How do you know if your business is too product-centered? Let’s look at five questions that can help determine if you need to shift to more of a purpose mindset than a product mindset.

1. Does your business have a bigger vision than what you sell?

Or are you purely in business to make and sell a popular item? If you think you do have a vision or purpose, do the other people in your business know about it? Make sure everyone on your team has a deep understanding of it so it can be communicated consistently in every area of the business.

2. Does your marketing only talk about the features and benefits of your product?

In contrast, a business with purpose uses marketing to place more of an emphasis on the results your products create. It explains how it will change an area of the customer’s life, rather than just spelling out the facts.

3. Are you innovating on your product?

We cannot stress the importance of this enough. Improving your flagship product (and adding more complementary products) is critical for increasing average order value, customer lifetime value, building brand fans, and ultimately becoming an influential brand that lasts. If you are looking at improving your current product, take a look at the prompting questions you ask when doing so. Is your question, “How do we make a better VCR?” or “How can I make media come to life for families who love watching movies?”

4. Do you have only one product?

As mentioned above, expanding your product line will be crucial for long-term success. Even if you do have several products, ask yourself whether this is something people will only buy once, or if there will be a need for them to come back.

5. What would happen if your main product becomes irrelevant?

Will this put you out of business? Will you be out of ideas and have to go back to the drawing board to start from scratch? Or will you be able to rethink a different product quickly because it falls in line with your purpose?

5 Steps to Move From Product-Centered to Purpose-Centered

If you think your business is more centered around your products than anything else, now is the time to correct your course— it’s not too late, but you’ll want to start adjusting now. Here are five steps to help you start moving from a product-centered to a purpose-centered business today.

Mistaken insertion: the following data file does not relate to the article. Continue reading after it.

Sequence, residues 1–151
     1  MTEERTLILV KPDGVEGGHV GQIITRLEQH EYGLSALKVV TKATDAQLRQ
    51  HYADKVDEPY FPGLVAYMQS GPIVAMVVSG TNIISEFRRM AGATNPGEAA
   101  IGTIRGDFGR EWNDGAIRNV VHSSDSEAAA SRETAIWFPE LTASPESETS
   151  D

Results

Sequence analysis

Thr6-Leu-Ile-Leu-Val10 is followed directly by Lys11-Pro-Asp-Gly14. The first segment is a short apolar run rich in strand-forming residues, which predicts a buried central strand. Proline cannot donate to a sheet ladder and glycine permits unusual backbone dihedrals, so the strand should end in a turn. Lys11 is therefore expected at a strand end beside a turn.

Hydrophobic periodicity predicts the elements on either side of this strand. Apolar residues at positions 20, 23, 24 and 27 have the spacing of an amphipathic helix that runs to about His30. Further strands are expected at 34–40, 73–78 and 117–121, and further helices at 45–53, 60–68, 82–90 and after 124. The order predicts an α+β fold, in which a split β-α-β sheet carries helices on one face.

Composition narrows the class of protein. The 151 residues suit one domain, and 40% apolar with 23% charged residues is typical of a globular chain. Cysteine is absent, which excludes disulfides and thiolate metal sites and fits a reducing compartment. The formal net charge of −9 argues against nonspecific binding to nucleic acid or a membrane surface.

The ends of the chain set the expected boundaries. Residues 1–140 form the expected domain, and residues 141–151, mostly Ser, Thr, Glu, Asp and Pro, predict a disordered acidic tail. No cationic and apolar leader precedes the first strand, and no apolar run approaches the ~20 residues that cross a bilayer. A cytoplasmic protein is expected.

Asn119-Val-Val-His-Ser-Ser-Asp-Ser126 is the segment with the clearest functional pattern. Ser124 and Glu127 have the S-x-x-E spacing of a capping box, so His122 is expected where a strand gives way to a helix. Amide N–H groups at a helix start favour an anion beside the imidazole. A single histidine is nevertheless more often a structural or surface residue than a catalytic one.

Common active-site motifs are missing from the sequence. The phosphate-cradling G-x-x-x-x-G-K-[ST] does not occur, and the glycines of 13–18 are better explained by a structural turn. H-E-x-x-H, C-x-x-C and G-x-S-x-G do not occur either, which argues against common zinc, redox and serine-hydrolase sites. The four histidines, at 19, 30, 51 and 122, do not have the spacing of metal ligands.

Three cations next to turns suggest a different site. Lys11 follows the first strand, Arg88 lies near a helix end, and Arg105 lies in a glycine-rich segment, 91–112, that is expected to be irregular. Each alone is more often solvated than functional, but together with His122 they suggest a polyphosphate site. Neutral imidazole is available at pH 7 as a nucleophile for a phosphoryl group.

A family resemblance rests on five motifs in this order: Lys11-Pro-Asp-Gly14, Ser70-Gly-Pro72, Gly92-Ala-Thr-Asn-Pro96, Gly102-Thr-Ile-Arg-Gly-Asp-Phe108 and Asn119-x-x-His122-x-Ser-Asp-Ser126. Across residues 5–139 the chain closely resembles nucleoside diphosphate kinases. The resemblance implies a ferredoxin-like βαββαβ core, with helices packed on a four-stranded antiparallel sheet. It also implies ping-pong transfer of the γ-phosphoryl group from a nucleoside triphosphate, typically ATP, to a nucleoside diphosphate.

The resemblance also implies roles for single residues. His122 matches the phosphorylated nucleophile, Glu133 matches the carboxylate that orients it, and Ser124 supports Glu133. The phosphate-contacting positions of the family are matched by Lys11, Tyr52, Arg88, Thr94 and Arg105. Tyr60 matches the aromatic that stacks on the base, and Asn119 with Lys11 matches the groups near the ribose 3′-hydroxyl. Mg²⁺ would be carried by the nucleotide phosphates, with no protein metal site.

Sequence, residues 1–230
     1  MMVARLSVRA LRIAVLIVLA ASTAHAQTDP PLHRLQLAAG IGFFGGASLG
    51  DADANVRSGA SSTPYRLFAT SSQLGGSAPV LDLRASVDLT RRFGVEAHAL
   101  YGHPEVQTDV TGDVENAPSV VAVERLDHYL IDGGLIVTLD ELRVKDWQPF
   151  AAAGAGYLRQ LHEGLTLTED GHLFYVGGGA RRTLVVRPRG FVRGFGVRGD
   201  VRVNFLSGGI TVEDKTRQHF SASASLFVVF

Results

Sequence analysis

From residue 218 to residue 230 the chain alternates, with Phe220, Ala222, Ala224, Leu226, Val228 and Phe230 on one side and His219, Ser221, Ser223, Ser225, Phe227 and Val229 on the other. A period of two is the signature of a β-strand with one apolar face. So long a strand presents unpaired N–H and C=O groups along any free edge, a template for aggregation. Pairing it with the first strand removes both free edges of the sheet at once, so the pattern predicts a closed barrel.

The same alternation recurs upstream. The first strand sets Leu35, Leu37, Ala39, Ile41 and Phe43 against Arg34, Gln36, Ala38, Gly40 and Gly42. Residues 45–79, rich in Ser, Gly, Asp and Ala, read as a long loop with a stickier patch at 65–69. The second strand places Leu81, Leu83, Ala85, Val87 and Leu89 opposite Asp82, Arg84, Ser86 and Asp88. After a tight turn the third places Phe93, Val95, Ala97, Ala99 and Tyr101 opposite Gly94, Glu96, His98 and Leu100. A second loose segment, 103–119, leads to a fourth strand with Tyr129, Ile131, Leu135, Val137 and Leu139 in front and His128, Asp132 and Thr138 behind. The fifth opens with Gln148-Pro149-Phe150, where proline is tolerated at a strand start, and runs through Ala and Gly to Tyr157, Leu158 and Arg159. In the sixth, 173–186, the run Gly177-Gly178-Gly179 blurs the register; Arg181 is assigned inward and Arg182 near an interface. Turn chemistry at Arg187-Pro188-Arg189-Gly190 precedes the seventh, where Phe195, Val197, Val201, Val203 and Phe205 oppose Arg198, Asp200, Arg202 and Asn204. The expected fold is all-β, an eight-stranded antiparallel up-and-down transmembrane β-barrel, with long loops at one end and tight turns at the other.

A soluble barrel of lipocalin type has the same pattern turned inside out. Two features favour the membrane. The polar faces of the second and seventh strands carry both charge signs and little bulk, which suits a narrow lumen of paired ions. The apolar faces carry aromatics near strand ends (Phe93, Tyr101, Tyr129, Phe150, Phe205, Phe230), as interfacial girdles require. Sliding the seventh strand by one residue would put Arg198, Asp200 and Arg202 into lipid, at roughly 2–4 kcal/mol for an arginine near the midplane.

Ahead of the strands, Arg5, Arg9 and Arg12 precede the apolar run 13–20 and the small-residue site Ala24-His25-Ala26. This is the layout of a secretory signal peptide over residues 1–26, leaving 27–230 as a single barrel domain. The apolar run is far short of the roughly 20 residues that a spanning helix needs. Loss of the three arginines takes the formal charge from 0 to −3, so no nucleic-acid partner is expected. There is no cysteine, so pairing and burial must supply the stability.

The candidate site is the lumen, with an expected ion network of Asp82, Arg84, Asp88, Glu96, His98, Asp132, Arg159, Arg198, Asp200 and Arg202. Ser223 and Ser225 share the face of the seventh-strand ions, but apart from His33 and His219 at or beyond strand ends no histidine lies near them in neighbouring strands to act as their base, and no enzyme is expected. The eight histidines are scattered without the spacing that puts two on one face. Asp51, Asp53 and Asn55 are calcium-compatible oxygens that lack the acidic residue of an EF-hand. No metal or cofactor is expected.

1. Establish Your Purpose

To begin, ask yourself why your business exists. If you need to start, high level and then dig deeper by asking yourself “why?” another 6 times (literally). This will help you really get to the core of your mission.

If you’re a long-standing business, it’s possible that you had a deeper purpose at one point, but it got lost over time. Has it become so watered down that your customers don’t know what it is? Is your product development team aware of it?

2. Define Your Vision

Take your “why” (your purpose) and cast a vision for your brand. This vision should transcend products and time and further reflect why you exist.

3. Communicate Internally

Once you’ve defined a purpose and a vision for why your company exists, communicate this to your team internally. Everyone needs to be aware, especially teams involved in innovation, product development, and marketing. When everyone has a deep understanding of the brand’s purpose, you’ll be able to develop products and market them with a consistent, powerful message.

4. Communicate to Your Audience

Next, communicate this to your audience. Elements of your brand’s purpose can appear in a variety of places such as your “about” page, product pages, blog content, email marketing, Facebook ads, and more. People will rally much louder around a purpose than they will for a product. This goes back to an idea we talk about often, which is that consumers make purchase decisions based on emotions far more often than facts.

5. Start Making More Products

Once you have your purpose dialed in and you are communicating it on your site and through your marketing, it’s time to think bigger. Develop more products! This will take dedicated resources and can’t be put on the back burner, because the key is to have new products in the works before you need them. For more info on developing your product line, check out our post It’s Time to Rethink R&D for Ecommerce.

Make The Move

Ready to take your brand to the next level so you can attain influence and longevity? Defining your purpose using the exercises above are the best place to start.

For more guidance on developing a business with a defined brand and deep purpose, check out our series of articles on Building a Brand That Lasts Forever.